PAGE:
Other Finding Aids
A more detailed finding aid is available in print in the repository.
Other Finding Aids
Item-level inventory available online. http://files.lib.byu.edu/ead/XML/MSSP24.xml
The photographs included in the C.R. Savage Photograph collection, MSS P 24, were gathered together over many years and include many contributors. The bulk of the collection was acquired in the early 1970s, no later than 1973, with the donation of several hundred original Savage prints from Marianne C. Sharp, the granddaughter of C.R. Savage, and her father, J. Reuben Clark, Jr., who had married Luciane, the youngest daughter of C.R. Savage.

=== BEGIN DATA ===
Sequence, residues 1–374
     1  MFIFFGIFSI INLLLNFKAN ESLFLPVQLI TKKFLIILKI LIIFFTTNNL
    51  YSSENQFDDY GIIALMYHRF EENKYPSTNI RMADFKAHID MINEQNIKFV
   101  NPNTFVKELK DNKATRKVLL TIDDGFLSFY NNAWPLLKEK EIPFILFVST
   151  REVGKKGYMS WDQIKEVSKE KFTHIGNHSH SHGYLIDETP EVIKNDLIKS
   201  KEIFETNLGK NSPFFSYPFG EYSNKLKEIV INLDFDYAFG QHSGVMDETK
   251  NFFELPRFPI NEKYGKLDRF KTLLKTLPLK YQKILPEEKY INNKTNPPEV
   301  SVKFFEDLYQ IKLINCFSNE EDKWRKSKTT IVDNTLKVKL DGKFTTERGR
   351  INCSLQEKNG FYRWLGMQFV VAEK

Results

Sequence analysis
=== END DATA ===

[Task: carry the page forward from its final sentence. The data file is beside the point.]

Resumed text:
In addition approximately 80 original prints were transferred from the following collections: P 167, the H. H. Tammen photograph collection; P 240 Phillip Margetts collection; P 43, C.R. Peterson; P 174 Anthony Street collection; P 21 James Talmage collection; P 615 Salt Lake collection; P 66 William Henry Jackson collection, P 231, the Knowlton family photographs, ca. 1880s-1930s; Vault MSS 528, the John Steele collection; and P-173, the Ruth Louise Partridge photograph collection. These transfers are generally noted in the inventory or container list.